Friends of Big Ivy has led a coalition of organizations that support an expanded Craggy Mountain Wilderness Area and Backcountry Area. The plan has been unanimously endorsed by Asheville City Council and the Buncombe County Board of Commissioners. Over 100 businesses and organizations support the proposal. And the Forest Service has received over 5,000 letters in support of the Craggy/Big Ivy Wilderness and Scenic Recreation Area—the most comments they have received for any area of the national forest.

Only 19 miles from downtown Asheville, the Craggy/Big Ivy Wilderness will be the first and only wilderness in Buncombe County.

The wilderness recommendation will not affect any current uses of Big Ivy. Mountain biking, horseback riding, hunting, and fishing will all continue to be allowed. No roads or trails will be closed to anyone. The wilderness recommendation will simply prohibit logging and development in trail-less, high-elevation areas of Big Ivy where most of the old-growth forests are located.

We want to keep Big Ivy just the way it is – wild, scenic, adventurous, and uncut.




What is wilderness?

Wilderness prohibits logging and protects the forest’s natural ecosystems. Wilderness allows hiking, camping, horseback riding, hunting, fishing, trail running, climbing, swimming, backpacking, and most other forms of non-mechanized recreation.

Will mountain biking still be allowed in Big Ivy?

Yes. All of the existing mountain biking trails in Big Ivy will remain open. They will be included in the backcountry management area outside of the wilderness. Mountain biking in Big Ivy will be unaffected by wilderness recommendation.

Can I hunt and fish in wilderness?

Yes! Some of the best hunting and fishing are in wilderness areas because wilderness protects clean water and healthy forests.

Can I still gather ramps, morels, and herbs in Big Ivy?

Yes! Gathering herbs, morels, and ramps is a cultural tradition in Big Ivy. All of Big Ivy’s backcountry and roads will remain open for wildcrafting. Permits are required for commercial gathering on all Forest Service lands.

Why should most of Big ivy be recommended for wilderness?

Big Ivy is one of the most significant areas of biological diversity on public lands in Southern Appalachia. Big Ivy contains the third-highest density of rare species on the Pisgah-Nantahala and over 3,000 acres of old-growth forest, one of the largest patches of old-growth in the East. Part of a 100,000-acre block of protected lands—one of the largest in the East—Big Ivy is a rare and precious living legacy, with big trees, big mountains, and big waterfalls.  There is no better place for primitive recreation and solitude amid untrammeled forests than Big Ivy.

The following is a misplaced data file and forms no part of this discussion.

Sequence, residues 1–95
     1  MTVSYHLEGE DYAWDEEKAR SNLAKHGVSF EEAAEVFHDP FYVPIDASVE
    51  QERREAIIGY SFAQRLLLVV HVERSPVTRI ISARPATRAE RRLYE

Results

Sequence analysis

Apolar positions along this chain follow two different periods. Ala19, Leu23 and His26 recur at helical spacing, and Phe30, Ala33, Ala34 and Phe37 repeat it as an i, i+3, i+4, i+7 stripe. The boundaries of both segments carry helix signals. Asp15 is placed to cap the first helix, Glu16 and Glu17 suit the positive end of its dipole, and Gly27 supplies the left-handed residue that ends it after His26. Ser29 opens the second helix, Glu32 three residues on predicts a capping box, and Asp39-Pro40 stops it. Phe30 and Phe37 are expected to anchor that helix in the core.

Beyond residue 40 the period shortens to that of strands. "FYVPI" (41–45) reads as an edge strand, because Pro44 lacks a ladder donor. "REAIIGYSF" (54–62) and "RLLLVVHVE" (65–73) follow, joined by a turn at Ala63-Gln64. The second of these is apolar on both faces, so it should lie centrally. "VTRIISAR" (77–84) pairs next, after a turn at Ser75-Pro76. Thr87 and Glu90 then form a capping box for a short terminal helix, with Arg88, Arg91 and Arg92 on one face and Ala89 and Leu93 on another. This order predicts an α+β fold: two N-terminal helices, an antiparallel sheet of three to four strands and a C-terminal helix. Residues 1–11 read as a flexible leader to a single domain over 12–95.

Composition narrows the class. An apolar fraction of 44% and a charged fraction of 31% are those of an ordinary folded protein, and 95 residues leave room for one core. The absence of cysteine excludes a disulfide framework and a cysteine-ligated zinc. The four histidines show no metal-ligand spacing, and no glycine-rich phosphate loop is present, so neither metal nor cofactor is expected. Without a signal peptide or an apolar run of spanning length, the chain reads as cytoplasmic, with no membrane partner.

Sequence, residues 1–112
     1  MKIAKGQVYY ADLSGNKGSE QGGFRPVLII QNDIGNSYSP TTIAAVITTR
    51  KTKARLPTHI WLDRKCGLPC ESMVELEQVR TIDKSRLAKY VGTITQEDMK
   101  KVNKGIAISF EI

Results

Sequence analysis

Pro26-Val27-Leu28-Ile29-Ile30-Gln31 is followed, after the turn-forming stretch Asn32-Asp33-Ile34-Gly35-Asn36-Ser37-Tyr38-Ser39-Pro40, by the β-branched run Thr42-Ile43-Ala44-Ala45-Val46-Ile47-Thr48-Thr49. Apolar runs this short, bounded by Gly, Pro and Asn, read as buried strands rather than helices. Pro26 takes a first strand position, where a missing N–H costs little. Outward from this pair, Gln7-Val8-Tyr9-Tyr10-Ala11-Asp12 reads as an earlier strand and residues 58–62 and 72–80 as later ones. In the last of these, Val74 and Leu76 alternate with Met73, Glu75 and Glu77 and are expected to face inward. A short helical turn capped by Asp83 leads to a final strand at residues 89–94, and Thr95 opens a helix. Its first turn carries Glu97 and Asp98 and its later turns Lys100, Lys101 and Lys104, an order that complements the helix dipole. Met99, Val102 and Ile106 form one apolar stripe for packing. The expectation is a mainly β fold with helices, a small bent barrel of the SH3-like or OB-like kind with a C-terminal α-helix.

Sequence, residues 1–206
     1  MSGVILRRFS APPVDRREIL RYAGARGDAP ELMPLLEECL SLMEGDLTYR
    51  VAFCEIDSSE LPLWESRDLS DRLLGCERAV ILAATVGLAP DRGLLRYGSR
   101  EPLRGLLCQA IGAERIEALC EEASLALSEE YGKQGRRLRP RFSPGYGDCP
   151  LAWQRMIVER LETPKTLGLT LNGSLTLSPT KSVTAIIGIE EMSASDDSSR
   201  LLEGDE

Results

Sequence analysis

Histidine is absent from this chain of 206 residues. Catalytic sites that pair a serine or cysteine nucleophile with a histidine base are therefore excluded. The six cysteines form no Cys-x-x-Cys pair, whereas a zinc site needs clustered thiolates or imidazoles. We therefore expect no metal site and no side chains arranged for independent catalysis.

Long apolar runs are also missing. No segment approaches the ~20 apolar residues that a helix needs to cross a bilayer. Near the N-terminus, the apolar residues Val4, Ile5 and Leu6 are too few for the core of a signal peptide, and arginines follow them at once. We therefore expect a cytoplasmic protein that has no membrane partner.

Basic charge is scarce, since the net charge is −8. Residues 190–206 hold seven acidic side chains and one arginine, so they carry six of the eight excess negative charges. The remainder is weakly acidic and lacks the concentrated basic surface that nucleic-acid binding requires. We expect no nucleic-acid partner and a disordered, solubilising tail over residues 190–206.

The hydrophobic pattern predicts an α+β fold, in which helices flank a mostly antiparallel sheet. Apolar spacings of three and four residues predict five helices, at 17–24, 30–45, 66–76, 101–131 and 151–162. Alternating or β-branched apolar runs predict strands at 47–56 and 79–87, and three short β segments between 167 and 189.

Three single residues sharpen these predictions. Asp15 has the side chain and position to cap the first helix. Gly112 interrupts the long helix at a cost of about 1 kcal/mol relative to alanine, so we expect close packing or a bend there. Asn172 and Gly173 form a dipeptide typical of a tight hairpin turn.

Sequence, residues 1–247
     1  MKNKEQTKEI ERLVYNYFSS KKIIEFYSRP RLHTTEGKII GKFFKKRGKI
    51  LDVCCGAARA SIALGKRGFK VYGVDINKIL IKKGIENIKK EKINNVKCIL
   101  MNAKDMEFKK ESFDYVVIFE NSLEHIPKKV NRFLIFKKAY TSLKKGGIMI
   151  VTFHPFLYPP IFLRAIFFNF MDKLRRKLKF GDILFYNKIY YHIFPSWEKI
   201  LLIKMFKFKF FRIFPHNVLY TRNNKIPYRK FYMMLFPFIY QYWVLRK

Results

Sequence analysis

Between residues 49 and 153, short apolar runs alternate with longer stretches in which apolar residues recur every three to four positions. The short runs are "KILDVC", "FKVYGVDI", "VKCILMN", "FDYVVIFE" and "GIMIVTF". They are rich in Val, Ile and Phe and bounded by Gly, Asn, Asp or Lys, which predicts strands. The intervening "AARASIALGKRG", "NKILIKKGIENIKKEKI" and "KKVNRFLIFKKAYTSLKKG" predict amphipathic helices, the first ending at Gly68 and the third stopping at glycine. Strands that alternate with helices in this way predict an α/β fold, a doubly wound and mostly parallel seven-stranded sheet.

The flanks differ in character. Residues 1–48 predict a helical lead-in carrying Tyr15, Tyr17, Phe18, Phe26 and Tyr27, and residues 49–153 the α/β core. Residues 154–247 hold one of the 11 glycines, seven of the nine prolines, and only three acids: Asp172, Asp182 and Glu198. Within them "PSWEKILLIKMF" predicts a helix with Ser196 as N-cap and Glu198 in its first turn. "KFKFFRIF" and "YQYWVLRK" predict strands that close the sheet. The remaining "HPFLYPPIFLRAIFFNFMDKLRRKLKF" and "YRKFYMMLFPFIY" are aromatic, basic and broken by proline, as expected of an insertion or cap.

What parts of Big Ivy will NOT be recommended for wilderness?

The trail network and Forest Road 74 will be recommended for backcountry management rather than wilderness.

What is a Backcountry Area?

A Backcountry Area is less permanent and less prohibitive than wilderness. Mountain bikes and even some logging are permitted; it also allows wildcrafting, gathering firewood, and most other traditional uses of the forest. Overall, the backcountry area emphasizes recreation, intact forests, and scenery.

Isn’t Congress required to designate wilderness?

Yes. Only Congress can officially designate wilderness. But wilderness areas recommended by the Forest Service are managed as if they are official wilderness until Congress votes to designates them.

What is the Craggy Mountain Wilderness Study Area?

The Craggy Mountain Wilderness Study Area was recommend for wilderness designation by the Forest Service in 1982 and is awaiting Congressional approval.

What’s the difference between wilderness and a wilderness study area?

A wilderness study area is an area recommended for wilderness by the Forest Service but not yet approved by Congress.  It is managed as if it were an official wilderness.